First edition of Anatomia Humani Corporis by Govard Bidloo, published in 1685, complete with 105 engraved plates after Gérard de Lairesse.
Elephant folio. Full period leather, rebacked with original spine laid down, raised bands, title in gilt over red morocco spine label, decorative gilt compartments. Rubbing to tips, bumped corners, solid text block. Full piece measures 15.25″ x 25.5″. Bookseller’s label on front pastedown endpaper, early ownership notation on front flyleaf. Some soiling to top edge of text block. Archival repairs to closed tears along lower quarter of title page and frontispiece, a handful of small archival reinforcements at various points, two wormholes with limited impact to illustrations or text. Includes an additional engraved title page, a frontispiece portrait of Bidloo engraved by Abraham Blooteling after Gérard de Lairesse, and 105 numbered full-page engravings. Fold-out Plate 10 is lacking the lower portion of plate, occasional finger marks, faint soiling throughout.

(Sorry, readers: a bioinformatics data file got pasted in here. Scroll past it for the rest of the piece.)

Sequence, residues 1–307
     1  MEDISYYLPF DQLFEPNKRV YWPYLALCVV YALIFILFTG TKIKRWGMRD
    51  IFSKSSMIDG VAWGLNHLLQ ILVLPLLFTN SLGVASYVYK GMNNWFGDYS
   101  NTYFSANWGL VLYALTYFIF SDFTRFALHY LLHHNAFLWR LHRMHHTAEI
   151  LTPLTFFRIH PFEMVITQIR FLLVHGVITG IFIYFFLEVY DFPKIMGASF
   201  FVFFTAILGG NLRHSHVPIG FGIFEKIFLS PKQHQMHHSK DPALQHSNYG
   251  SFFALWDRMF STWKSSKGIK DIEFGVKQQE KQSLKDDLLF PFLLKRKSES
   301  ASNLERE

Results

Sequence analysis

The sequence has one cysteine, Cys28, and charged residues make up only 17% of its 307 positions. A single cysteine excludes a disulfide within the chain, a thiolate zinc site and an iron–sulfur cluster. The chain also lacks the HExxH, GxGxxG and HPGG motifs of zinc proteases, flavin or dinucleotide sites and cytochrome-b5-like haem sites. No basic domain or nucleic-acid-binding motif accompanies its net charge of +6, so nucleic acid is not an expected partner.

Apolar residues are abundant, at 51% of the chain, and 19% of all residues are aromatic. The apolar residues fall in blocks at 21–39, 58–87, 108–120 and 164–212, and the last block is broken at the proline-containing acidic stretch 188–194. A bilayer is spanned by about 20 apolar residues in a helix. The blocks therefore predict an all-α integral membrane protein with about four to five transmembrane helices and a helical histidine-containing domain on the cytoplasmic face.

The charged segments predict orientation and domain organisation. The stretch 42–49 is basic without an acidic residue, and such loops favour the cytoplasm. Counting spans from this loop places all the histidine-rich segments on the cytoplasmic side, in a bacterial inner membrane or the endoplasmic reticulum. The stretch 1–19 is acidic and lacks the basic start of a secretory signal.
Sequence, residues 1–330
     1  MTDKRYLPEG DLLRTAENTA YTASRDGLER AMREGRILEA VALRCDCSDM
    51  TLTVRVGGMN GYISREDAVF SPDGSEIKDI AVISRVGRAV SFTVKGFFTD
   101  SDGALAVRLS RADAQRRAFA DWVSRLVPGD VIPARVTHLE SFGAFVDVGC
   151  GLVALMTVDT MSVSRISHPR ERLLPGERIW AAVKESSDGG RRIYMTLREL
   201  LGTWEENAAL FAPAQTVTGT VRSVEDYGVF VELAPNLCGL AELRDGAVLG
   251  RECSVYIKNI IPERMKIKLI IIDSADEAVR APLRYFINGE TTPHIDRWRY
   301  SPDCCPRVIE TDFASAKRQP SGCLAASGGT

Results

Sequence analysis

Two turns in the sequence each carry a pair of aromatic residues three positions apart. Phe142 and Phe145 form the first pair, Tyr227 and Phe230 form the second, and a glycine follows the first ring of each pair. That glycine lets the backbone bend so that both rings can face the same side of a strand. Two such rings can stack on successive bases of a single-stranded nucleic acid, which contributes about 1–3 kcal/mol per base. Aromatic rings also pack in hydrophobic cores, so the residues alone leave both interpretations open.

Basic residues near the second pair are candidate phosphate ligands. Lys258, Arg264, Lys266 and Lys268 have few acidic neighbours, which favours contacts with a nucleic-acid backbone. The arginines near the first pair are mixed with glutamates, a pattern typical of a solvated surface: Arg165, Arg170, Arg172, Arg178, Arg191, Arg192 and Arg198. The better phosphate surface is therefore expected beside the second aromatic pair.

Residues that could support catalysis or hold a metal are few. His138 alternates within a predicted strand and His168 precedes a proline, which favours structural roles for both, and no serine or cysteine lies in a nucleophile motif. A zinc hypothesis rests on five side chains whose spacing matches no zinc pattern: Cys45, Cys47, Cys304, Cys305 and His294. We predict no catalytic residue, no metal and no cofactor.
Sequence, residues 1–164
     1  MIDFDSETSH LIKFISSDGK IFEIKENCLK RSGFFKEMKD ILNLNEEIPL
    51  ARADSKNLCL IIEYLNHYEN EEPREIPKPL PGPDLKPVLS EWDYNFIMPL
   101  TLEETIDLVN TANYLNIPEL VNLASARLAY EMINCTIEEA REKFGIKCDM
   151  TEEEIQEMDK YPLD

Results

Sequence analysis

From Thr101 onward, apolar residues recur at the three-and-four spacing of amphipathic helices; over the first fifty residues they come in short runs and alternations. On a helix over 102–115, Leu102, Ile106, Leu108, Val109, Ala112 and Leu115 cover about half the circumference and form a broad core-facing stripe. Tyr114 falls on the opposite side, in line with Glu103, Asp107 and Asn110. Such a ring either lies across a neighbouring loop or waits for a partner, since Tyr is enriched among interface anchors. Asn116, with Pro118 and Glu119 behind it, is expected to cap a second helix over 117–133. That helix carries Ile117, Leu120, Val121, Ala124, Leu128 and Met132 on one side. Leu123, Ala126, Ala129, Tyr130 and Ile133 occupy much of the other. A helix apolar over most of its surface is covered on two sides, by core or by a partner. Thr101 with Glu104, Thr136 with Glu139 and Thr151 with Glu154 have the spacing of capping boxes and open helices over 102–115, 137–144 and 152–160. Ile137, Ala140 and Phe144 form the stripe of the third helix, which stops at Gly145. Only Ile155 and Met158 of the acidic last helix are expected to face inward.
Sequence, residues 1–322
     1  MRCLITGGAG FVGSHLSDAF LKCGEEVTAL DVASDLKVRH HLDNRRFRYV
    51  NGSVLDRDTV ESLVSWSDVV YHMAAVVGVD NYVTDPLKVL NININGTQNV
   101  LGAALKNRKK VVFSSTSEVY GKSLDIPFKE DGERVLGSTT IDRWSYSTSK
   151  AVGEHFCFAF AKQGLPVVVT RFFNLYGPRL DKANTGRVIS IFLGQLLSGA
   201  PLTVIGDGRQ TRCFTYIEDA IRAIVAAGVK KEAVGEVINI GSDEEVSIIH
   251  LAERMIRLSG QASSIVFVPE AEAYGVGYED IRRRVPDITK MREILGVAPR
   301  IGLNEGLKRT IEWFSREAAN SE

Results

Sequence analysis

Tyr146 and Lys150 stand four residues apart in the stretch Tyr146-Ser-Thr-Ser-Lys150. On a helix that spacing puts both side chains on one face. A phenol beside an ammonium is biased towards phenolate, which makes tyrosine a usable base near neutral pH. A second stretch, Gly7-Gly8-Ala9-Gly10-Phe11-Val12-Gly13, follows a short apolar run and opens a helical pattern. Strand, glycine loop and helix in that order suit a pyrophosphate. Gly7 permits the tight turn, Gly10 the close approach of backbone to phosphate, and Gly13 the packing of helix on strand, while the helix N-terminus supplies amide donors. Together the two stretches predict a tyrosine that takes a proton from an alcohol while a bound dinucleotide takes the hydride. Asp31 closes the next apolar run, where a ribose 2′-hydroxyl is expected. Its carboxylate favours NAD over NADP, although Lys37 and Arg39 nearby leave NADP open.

(Choulant-Frank, pages 250-253) (Hook & Norman, 231)
An exceptional example of this landmark work in medical history.
Gérard de Lairesse (1641-1711) was inspired by Rembrandt while working on this landmark piece on early human anatomy. The figures are displayed realistically, with dissections contrasted against natural flesh, and an occasional book, inkwell or other object appearing in the composition. Govard Bidloo (1649-1713) began this project with de Lairesse around 1676 while writing plays in Amsterdam, studying for his medical degree, and working as a surgeon. The work was completed about 1682 and published in 1685. In 1698, William Cowper issued an expanded English edition of this work with new text and using the original plates but without crediting Bidloo, resulting in one of the most controversial plagiarism disputes in medical history.